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private member variables

P: n/a
Hello all.

I have a design question.

assuming we have
class Bar {...} // body omitted for clarity

class Foo
{
// should Bar be implemented as a pointer or not here ?
Bar *m_bar; // OPTION 1
// or
Bar m_bar; // OPTION 2

.... // body omitted for clarity

Foo::Foo()
// OPTION 1
m_bar = new Bar;
m_bar.setID(1);
// or
m_bar.setID(1);

I have seen both of these methods used, so I am wondering if there
is any memory or speed differences between the two ?
Jun 27 '08 #1
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P: n/a
On May 9, 4:50 pm, wiskey5alpha <wiskey5Al...@gmail.comwrote:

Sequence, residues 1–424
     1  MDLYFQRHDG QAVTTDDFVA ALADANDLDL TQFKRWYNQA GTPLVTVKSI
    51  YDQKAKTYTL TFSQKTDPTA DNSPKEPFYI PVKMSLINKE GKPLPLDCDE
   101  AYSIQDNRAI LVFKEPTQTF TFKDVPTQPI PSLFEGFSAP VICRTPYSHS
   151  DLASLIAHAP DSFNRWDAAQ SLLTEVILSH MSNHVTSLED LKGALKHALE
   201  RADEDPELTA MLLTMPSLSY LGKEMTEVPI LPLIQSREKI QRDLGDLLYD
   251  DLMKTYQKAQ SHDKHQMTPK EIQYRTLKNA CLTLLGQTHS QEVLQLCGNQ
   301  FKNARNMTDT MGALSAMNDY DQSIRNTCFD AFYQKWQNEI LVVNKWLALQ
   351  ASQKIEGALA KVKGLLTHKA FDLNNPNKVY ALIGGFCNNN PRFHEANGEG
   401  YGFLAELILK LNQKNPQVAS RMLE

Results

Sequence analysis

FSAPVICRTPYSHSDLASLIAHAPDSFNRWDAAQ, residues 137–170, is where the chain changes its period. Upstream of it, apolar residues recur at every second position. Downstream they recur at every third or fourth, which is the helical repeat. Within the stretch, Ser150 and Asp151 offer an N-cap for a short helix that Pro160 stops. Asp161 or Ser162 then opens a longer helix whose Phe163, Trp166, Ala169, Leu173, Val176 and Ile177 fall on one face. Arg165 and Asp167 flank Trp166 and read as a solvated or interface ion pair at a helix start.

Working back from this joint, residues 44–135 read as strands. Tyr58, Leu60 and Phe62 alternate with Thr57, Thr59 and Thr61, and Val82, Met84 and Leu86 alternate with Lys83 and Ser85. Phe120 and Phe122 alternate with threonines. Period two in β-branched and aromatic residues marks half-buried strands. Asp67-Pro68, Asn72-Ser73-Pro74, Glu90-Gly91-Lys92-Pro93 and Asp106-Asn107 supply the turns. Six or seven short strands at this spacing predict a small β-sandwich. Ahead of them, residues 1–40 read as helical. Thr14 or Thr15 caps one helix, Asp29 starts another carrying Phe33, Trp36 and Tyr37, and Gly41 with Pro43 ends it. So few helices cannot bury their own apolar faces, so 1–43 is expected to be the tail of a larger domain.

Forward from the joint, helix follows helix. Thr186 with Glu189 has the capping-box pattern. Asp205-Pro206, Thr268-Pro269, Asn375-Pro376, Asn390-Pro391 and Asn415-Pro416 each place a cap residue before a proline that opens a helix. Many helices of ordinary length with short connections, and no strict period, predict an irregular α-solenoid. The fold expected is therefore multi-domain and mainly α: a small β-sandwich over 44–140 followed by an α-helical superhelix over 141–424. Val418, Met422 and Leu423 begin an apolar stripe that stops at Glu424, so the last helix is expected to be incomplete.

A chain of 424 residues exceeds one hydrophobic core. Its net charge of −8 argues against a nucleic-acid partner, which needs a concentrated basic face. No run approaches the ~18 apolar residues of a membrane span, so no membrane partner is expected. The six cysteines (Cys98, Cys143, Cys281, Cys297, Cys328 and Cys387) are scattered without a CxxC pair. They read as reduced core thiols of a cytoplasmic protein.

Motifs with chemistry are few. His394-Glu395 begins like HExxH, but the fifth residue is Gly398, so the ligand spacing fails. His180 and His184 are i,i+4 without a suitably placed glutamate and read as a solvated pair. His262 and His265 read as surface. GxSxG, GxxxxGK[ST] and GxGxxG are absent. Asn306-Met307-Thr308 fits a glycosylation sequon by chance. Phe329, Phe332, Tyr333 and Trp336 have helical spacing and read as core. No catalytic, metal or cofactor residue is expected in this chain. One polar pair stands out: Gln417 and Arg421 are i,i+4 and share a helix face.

I have a design question.
assuming we have
class Bar {...} // body omitted for clarity
class Foo
{
// should Bar be implemented as a pointer or not here ?
Bar *m_bar; // OPTION 1
// or
Bar m_bar; // OPTION 2
It depends somewhat on Bar, and what you're doing with it. In
general, use a value if you can, a pointer if you have to.
... // body omitted for clarity
Foo::Foo()
// OPTION 1
m_bar = new Bar;
m_bar.setID(1);
That would be m_bar->setID( 1 ) ;
// or
m_bar.setID(1);
I have seen both of these methods used, so I am wondering if
there is any memory or speed differences between the two ?
Probably not enough to worry about. On the other hand, using a
member object is a lot surer and more reliable.

--